Davidson, Martin hope to serve 8th DistrictA former candidate for mayor and a media veteran are running for a chance to represent neighborhoods east,
By: Shelley Nelson, The Daily Telegram
A former candidate for mayor and a media veteran are running for a chance to represent neighborhoods east, north and south of the Government Center in an area that zigzags from Cypress to Hammond avenues and Harrison to Broadway streets.
In the 8th Douglas County Board district, Gil Davidson, a union chief for Superior’s public works union, is challenging Lew Martin, who has served the district on and off for about 30 years.
“I think any place, any candidate, voters should have a choice,” Davidson said of his decision to run for office. But, it isn’t merely giving voters a choice that he has in mind.
“I think I’m experienced in government affairs and government work,” he said “I’ve been involved with the city government here for six or seven years now. I’ve also been involved with unions. That’s not government work, but it’s still political. You’re still helping people out and I like helping people out. I think I’m good at it because I’ve been doing it for a long time.”
Martin, too, has used his position on the county board to advocate for the poor as a member of Northwest Community Services Agency and for seniors through the Aging Resource Center of Douglas County.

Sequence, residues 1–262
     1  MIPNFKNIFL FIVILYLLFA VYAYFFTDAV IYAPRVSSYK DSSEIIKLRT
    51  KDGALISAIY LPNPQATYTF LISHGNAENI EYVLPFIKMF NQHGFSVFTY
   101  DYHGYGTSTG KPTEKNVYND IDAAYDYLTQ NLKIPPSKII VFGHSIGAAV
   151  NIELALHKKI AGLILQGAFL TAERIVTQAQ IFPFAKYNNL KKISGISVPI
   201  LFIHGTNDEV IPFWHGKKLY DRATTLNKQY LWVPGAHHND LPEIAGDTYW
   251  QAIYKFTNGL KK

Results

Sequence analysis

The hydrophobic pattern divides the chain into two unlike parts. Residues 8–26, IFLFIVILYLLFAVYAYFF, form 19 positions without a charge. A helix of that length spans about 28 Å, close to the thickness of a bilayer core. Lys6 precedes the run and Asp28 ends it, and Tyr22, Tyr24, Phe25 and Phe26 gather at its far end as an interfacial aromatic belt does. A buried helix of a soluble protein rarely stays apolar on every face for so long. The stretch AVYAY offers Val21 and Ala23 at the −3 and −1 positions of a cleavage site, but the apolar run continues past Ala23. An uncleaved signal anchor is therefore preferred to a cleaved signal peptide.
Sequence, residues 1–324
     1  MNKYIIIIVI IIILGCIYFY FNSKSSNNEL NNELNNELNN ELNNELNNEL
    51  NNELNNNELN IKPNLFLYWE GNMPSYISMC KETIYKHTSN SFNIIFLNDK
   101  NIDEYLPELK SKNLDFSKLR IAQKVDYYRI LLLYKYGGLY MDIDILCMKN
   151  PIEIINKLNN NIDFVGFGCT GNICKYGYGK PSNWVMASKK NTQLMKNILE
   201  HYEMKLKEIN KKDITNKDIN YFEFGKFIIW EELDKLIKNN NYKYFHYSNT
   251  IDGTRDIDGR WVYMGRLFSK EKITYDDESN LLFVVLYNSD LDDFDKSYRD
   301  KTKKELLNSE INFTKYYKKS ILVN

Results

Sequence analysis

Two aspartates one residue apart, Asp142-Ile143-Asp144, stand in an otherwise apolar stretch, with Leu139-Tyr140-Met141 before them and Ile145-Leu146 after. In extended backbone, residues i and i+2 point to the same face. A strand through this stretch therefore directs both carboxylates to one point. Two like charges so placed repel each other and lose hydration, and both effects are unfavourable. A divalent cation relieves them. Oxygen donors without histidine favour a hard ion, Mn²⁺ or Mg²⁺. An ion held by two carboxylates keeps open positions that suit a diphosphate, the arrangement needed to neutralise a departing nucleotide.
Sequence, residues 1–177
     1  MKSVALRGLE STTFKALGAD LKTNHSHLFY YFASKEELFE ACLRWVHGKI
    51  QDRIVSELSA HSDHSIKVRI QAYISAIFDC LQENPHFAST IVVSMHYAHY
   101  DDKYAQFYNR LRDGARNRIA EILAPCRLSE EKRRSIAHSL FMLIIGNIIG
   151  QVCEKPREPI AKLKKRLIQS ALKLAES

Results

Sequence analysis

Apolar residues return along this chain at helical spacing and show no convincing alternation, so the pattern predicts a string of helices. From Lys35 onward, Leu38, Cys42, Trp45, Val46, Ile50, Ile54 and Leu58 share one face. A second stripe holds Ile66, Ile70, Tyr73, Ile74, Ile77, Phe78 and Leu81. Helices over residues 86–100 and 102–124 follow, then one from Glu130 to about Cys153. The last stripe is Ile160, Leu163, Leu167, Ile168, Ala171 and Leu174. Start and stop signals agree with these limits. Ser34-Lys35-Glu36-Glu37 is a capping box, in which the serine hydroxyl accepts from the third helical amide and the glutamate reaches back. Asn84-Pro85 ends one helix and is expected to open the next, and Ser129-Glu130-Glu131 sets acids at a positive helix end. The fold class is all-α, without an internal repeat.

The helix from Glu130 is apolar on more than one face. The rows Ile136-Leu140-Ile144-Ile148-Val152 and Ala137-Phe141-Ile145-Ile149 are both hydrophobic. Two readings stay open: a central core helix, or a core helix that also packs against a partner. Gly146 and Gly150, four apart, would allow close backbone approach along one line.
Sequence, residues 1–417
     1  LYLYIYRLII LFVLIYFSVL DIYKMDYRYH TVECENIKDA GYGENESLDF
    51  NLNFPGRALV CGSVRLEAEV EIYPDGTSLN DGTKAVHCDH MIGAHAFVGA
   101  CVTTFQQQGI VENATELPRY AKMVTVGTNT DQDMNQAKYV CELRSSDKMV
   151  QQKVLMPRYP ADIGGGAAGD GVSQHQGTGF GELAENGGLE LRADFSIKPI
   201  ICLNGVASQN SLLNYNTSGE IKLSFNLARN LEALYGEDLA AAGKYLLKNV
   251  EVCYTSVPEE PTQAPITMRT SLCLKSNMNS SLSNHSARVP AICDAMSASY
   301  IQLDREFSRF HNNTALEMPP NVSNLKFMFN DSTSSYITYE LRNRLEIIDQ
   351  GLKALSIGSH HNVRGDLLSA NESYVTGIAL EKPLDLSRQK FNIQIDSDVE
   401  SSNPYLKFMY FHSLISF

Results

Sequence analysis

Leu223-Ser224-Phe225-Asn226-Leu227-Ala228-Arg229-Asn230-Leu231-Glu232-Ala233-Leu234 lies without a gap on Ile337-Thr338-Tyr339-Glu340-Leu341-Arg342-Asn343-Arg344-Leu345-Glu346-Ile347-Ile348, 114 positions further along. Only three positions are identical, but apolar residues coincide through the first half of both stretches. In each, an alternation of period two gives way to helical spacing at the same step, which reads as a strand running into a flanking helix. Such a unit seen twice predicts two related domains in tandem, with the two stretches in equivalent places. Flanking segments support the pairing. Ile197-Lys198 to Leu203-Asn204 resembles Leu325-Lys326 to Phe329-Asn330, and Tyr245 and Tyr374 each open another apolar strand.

“I think as a supervisor, you should be cognizant of the things that are going on,” Martin said. From the struggles of the national economy to the decision to close the General Mills taco plant in Poplar, he said the economy is ailing.
“The economy’s going to continue to be an issue, particularly for the county which continues to get new mandates from the state with no means to pay for them,” Martin said. “The state is in the hole … which is going to reflect on Douglas County. We’re going to have to economize as much as we can. We’ll have to watch any new requests we get for money,”
Davidson agrees taxes remain a big problem in the city and Douglas County.
“Lowering taxes would be nice,” Davidson said. “I don’t think that’s going to happen with the way the economy is nowadays, but at least we can keep them from going up.”
He said the county needs to increase efficiency and better use available resources.
“Government grants and government subsidies that are out there — if we don’t put in for them, some other city is going to put in and get them,” Davidson said. “It’s still our money. It’s our tax money. Let’s get it up here and let’s put it to use.”
Davidson said county board supervisors in the city have a unique role in that they not only represent their city district, but the entire county as well.
“I think the issues in District 8 are the same as any other district in the city here,” he said. “Of course, the ones out in the county are going to be a little different than the ones in town here. I’m going to work with all the supervisors — all 27 of them — to help get their projects done and their plans done, as well as I hope they’ll help me get mine done. That’s one thing we have to do is work together and we can get it handled.”
Gearing up for a much smaller board — planned for cuts in 2011, following the U.S. Census — is a concern for Martin.
“This is an unusual time because the county board is going to be cut down … from 28 to 16 or 17,” he said. “So during the next two years, we’ve got to eliminate some committees. We have to reduce some committees, and we have to make plans for a tremendous cut in the size of the county board.”
Contact Shelley Nelson at email@example.com or (715) 395-5022.